Branding Unlocks Potential Of Hotel Property
Thailand, and more specifically Phuket, is leading a strong Southeast Asia trend in hotel residences to the tune of US$3.5 billion in properties currently up for sale. Overall the SEA regional market inventory is valued at a whopping US$16 billion.
Recently, we conducted research throughout the Southeast Asia markets and identified nearly 120 developments with over 28,000 units. Thailand accounts for 37 per cent of the broader region, with over 40 developments. The lion’s share of these is in resort destinations, though seven are located in urban areas. Viewing the Thai sector, the top three markets are Phuket, Bangkok and Pattaya.
One key hotel brand push has been that chain affiliations create higher pricing points compared to independent projects. Our data shows that this holds most true in resort offerings where a 26 per cent premium is demonstrated, though in urban properties this drops to 14 per cent in broad market terms.
Recently, I had discussions with property developers who want to get inside what really drives buyers to these sorts of offerings, versus the somewhat more traditional viewpoint on yields and capital appreciation. Sentiment seemingly remains a strong driver, as is the perception that capital values will be protected and grown by what is thought to be a higher standard of property management that exists in hotels, versus pure residential estates or buildings.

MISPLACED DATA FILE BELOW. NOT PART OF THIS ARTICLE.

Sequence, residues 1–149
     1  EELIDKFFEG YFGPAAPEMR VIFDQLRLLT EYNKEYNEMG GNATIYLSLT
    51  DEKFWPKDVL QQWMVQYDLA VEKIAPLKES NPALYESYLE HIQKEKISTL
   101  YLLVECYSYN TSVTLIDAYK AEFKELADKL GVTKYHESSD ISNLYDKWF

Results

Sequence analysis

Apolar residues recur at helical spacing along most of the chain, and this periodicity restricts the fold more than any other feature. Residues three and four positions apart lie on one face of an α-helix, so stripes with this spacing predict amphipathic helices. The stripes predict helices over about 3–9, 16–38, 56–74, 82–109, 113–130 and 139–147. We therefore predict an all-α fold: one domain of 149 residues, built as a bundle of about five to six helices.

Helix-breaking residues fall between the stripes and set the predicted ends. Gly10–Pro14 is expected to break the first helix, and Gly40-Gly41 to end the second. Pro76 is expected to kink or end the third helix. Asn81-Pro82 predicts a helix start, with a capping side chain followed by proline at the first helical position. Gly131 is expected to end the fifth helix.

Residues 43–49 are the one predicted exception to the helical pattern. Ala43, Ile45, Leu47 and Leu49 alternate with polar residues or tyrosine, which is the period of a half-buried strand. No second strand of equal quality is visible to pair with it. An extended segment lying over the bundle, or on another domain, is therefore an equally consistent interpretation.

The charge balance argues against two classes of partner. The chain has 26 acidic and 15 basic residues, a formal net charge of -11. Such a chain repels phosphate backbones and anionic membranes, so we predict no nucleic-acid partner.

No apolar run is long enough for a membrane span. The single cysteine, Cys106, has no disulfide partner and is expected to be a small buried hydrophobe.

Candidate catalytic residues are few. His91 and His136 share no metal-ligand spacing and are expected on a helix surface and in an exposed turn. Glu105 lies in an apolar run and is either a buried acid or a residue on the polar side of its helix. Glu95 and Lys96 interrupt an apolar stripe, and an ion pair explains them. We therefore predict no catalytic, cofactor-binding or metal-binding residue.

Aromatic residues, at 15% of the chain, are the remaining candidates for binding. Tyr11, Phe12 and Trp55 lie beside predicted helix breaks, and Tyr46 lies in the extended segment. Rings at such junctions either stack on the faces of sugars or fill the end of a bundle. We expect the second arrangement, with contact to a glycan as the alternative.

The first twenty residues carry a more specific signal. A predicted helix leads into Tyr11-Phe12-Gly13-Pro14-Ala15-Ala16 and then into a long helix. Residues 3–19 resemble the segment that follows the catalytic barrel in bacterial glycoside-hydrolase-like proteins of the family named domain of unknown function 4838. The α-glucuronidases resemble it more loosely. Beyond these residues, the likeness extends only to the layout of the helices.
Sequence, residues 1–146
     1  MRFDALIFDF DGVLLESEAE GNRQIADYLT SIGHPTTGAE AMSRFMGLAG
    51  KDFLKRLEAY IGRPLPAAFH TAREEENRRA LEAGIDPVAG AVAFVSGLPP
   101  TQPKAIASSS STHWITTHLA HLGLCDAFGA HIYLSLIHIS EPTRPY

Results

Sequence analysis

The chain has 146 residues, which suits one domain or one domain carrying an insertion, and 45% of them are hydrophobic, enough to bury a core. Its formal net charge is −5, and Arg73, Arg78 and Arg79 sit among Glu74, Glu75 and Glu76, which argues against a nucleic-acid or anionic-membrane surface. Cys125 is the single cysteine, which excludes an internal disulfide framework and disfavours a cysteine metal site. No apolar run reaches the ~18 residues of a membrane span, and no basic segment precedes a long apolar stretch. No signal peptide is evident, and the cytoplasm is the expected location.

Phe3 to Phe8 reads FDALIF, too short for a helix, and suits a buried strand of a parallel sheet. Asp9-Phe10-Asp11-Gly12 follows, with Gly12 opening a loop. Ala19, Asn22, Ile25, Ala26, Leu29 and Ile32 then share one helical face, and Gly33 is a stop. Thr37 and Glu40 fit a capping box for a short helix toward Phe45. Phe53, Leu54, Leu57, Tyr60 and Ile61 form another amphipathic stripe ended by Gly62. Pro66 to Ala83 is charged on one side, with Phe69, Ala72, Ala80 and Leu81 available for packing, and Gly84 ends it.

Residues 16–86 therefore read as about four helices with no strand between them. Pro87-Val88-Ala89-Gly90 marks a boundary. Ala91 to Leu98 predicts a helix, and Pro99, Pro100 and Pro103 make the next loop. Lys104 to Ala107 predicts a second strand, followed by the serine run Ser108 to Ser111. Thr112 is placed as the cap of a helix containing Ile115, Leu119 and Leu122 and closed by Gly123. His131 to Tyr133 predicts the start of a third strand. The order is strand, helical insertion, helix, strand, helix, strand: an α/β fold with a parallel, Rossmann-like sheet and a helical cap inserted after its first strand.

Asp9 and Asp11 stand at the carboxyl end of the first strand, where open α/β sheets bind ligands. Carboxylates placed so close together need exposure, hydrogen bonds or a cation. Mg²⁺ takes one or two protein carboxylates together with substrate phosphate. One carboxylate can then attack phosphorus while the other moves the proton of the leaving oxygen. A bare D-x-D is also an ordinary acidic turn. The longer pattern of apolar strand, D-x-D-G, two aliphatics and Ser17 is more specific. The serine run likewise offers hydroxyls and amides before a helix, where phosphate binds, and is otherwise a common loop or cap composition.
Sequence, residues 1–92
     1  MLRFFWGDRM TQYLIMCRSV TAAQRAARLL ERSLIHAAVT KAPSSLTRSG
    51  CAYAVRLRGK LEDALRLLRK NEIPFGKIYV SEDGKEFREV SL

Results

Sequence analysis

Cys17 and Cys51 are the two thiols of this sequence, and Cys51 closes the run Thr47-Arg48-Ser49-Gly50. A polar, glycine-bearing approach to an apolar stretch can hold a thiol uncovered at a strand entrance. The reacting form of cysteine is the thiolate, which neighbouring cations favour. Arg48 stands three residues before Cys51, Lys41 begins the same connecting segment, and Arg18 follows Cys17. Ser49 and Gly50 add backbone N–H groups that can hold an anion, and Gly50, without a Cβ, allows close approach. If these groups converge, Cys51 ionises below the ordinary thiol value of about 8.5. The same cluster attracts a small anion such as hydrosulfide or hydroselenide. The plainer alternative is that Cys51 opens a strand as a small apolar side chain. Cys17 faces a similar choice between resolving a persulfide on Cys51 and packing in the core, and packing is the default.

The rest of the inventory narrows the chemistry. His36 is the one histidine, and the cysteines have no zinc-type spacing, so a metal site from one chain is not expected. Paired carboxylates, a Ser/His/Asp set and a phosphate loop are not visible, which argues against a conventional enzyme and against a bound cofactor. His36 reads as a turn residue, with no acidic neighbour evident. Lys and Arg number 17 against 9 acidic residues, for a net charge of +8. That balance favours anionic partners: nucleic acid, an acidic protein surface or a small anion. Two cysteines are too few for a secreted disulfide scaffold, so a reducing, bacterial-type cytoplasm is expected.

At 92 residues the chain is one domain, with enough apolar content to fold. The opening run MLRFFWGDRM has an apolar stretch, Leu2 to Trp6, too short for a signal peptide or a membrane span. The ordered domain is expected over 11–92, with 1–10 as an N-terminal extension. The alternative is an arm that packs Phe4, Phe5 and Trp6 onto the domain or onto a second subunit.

Thai hospitality groups such as Minor, Onyx, Dusit and Centara are all registering a growing presence in hotel residences here and abroad. Singapore’s Banyan Tree group, which was an early adopter of branding, has even created a real estate-led brand with their successful Cassia offering. On a broader playing field, global hotel chains such as Starwood, Shangri-La, Movenpick, Four Seasons and Ritz-Carlton continue to create critical mass in the residence sector.
Looking back into the Thai looking glass, urban offerings tend to command considerably higher selling prices per square meter at an average of nearly 242,000 baht, while resort locations come in just over 134,000 baht. Higher land prices tend to drive this dynamic and underlying land costs remain both the friend and foe of the property development set.
Though Asia’s real estate trajectory has continued to be prolific since the end of the global financial crisis, pricing continues to be a key factor and this also overlaps with the issue of sizing. Two important things to note here are that discretionary spending, which is linked to the ultimate total value of the property, is a factor, as is the connection to ongoing rental yields that in many cases are more favorable for smaller units.
A current difference to the past is a greater number of hotel branded properties that do not rely on promises of guaranteed returns or rental yields, but tap into consumer’s increasing demand for quality versus quantity and the driving emotion that things are indeed better over the fence in ‘brand land’.